J: Well, while there's a lot to be said for trying on Maurice Richard's Stanley Cup ring but there's no question that obtaining the piece of the Golden Spruce was the most challenging and rewarding adventure of the process for so many reasons. For one thing, it meant going to Haida Gwaii, which is an extraordinary place and I'd encourage anyone to go there - and we met some equally extraordinary people there. But what was truly incredible was that it was a real challenge for the community to agree to let us take this piece and sparked a lot of debate and conversation within the community in the 18 months since we first proposed the idea. The fact that it was so controversial right up until days before we went in to the forest for the task, meant that ultimately that gift came from somewhere very deep and very profound within the community. And the depth of that gift makes me grateful every day.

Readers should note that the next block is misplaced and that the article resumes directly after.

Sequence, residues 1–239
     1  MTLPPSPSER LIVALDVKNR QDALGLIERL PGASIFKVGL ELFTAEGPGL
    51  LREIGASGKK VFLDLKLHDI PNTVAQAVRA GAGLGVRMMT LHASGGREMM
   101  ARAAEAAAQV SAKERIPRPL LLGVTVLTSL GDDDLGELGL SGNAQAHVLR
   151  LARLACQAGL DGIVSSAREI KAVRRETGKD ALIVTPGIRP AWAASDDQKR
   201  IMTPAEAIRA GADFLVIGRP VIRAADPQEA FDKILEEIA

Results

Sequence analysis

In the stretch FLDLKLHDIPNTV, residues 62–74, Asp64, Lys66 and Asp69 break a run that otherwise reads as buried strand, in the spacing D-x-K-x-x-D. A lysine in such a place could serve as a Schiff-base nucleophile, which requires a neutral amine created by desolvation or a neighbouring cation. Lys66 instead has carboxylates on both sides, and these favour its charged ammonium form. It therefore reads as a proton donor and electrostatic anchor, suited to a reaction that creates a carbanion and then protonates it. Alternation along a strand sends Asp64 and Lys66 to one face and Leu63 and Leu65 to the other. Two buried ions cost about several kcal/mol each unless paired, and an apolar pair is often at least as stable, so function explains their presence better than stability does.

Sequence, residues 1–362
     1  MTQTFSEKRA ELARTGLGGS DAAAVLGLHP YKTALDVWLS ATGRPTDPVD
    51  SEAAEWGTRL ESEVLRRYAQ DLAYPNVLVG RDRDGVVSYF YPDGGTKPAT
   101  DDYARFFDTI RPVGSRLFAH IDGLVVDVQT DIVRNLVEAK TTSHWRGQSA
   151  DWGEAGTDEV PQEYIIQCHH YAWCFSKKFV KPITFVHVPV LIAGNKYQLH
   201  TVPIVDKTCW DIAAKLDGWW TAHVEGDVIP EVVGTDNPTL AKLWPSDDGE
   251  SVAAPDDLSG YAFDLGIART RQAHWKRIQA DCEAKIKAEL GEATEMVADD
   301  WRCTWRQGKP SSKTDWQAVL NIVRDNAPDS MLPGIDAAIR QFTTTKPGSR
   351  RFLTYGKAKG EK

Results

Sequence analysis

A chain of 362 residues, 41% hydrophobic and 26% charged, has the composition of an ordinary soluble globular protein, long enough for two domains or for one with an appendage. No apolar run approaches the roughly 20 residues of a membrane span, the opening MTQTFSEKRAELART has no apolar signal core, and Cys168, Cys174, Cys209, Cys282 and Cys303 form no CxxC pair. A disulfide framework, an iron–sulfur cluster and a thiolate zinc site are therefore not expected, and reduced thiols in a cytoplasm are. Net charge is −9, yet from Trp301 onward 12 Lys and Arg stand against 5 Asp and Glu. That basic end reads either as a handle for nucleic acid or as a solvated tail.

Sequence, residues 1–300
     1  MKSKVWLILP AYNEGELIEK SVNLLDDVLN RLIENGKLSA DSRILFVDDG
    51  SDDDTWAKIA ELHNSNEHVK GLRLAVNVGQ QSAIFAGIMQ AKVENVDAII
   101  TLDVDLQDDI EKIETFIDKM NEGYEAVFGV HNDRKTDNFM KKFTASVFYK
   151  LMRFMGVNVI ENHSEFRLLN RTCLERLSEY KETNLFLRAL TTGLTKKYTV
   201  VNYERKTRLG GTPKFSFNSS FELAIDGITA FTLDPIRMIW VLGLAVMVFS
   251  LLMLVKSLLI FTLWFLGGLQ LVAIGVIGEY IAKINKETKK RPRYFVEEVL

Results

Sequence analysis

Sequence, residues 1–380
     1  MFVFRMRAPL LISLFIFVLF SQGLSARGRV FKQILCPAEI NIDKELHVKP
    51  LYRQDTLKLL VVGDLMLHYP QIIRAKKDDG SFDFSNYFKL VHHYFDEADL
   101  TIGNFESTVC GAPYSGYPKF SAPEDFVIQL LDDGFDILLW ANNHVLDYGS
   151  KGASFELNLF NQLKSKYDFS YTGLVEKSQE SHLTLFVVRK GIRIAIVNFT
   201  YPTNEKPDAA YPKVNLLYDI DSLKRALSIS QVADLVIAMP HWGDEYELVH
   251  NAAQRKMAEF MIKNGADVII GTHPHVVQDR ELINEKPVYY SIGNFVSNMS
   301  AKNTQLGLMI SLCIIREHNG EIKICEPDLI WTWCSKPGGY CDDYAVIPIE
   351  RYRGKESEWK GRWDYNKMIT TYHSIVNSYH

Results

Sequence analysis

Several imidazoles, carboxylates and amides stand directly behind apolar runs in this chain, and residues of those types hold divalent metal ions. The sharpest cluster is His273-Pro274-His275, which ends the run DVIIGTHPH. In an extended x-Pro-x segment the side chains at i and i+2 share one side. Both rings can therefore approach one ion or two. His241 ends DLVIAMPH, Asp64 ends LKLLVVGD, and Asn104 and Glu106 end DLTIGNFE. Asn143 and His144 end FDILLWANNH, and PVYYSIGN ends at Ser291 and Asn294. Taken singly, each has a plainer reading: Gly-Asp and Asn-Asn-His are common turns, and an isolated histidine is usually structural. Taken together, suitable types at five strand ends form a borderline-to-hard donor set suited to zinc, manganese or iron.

W: Where do you stand on that perennial conundrum: rock, paper, or scissors?

J: Books are made of paper, right? I think I'll go with paper.

W: You have taken the Voyageur guitar from coast to coast to coast. What was your strangest experience?